When given a single path argument which is a tree, the program generates an SCF hash list to standard output.

When the -c option is specified, the program generates a SCF file from each tree specified on the command line. The name of the resulting file is the argument name with .scf appended.

The -o option directs output to a specified file. This may be used with -c to override the normal .scf convention, or simply as an alternative to output redirection when generating a final report. One advantage of -o is that the program won't create the output file until it is ready to write; thus, unlike shell redirects, it won't leave an empty file lying aeound if it aborts early.

The -d option changes current directory to the specified tree before walking down each argument path to generate hashes. This will be useful if you want to generate a report for trees in a directory other than your current, but want the filenames in the report to be relative.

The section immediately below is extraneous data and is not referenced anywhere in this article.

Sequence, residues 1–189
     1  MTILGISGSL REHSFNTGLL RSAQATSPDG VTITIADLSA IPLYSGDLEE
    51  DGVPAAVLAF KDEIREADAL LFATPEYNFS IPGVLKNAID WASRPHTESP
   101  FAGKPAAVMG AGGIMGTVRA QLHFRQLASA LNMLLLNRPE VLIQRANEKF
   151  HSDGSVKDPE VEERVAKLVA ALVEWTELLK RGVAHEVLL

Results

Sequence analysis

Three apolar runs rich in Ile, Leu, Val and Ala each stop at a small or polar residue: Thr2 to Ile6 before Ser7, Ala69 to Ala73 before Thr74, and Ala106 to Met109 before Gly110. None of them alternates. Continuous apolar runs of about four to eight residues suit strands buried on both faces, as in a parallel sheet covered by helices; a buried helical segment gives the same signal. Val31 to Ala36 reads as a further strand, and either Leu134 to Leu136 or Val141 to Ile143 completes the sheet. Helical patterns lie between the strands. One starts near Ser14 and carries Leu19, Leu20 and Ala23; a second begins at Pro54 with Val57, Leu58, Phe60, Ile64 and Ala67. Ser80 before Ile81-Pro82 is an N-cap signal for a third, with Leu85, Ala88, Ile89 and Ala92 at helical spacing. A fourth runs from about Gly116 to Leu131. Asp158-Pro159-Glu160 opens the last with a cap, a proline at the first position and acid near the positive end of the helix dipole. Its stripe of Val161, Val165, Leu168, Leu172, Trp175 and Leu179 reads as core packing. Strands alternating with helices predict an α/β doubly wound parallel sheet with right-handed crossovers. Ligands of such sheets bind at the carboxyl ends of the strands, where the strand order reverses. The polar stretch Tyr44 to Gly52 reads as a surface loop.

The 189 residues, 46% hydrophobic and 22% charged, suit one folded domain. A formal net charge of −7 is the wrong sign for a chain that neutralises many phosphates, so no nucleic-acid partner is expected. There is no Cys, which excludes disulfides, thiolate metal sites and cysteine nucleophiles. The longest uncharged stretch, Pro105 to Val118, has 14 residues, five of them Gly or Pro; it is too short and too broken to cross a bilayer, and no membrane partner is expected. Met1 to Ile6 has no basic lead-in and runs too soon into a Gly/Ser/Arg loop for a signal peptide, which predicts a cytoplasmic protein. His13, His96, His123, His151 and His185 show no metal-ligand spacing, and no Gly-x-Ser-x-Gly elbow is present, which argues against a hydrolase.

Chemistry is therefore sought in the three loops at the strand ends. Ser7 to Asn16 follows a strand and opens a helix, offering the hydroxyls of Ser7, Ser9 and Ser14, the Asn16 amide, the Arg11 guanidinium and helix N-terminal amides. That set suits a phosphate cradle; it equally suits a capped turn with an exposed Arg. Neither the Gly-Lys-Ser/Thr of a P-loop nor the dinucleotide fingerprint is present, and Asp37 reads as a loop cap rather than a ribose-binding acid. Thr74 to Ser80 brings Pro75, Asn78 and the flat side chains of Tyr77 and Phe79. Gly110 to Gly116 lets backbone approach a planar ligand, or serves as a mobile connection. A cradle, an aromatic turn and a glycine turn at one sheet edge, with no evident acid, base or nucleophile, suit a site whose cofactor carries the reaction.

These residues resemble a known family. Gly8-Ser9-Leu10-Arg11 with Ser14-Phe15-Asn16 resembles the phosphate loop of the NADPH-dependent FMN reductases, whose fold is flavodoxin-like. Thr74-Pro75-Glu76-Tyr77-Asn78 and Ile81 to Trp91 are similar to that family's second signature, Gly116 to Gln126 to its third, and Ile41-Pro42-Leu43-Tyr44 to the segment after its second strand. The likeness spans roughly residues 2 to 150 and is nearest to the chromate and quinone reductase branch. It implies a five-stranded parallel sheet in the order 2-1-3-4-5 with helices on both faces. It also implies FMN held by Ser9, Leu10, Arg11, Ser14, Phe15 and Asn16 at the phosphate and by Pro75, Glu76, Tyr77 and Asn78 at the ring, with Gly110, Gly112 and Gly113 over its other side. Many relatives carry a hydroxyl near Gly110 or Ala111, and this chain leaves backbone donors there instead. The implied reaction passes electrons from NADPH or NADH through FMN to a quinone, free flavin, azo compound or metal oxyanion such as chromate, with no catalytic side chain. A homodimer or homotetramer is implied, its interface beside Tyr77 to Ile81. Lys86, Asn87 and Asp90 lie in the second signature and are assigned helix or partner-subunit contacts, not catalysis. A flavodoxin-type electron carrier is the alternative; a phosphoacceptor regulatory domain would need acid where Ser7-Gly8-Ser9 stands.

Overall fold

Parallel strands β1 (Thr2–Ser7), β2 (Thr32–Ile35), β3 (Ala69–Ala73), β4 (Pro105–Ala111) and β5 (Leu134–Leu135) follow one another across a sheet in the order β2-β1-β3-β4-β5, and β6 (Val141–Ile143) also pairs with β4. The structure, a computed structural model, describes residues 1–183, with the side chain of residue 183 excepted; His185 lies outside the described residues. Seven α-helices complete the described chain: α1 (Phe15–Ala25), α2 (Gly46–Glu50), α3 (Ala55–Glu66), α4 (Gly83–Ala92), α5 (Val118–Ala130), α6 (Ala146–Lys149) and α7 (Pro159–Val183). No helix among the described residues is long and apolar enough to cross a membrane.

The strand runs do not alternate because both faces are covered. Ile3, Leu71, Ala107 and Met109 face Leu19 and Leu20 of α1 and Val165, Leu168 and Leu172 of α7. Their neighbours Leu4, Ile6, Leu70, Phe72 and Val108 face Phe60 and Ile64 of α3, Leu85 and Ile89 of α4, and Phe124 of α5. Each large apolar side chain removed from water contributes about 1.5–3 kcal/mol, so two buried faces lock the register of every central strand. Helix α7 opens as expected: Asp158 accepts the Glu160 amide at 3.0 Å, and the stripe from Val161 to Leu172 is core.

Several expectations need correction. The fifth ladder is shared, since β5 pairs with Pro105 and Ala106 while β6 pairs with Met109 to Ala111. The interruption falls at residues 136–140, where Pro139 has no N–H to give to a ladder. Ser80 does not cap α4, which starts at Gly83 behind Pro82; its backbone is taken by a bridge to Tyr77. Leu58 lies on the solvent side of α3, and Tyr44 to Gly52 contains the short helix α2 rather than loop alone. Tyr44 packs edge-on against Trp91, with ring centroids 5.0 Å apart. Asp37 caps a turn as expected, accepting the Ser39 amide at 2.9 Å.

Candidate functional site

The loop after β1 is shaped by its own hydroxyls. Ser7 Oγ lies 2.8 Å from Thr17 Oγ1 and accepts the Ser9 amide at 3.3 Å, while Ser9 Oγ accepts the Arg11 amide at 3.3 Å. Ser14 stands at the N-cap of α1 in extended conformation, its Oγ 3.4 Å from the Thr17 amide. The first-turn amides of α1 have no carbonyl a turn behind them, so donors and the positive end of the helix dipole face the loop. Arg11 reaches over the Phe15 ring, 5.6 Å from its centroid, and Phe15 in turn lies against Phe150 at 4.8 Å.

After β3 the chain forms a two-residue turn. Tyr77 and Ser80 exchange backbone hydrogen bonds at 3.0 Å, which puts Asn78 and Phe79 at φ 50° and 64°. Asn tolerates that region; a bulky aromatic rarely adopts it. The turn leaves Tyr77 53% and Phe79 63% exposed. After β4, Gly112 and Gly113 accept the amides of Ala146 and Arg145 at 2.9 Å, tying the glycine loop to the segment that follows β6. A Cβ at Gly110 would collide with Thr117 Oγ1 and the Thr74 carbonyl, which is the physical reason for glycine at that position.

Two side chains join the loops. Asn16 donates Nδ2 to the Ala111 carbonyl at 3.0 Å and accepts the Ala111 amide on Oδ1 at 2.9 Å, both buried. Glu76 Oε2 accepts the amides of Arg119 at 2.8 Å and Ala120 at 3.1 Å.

The -s option changes the shred size. Smaller shred sizes are more sensitive to small code duplications, but produce correspondingly noisier output. Larger ones will suppress both noise and small similarities.

The -m option sets the minimum-sized span of lines that will be output. By default this is zero; setting it to a value higher than the shred size will eliminate a lot of junk from the report. These are two separate parameters because shred size controls how likely common segments are to not get recognized because of unshared things near them, while minimum span size defines the smallest features we want to see in the output report.

Normally, comparator performs significance filtering before emitting a span into the common-segment report. The -n suppresses this, emitting all common spans. See the discussion of significance filtering below.

The option -v enables progress and timing messages to standard error.

The -x enables some debugging output. It is for developers; if you need to understand it, read the code.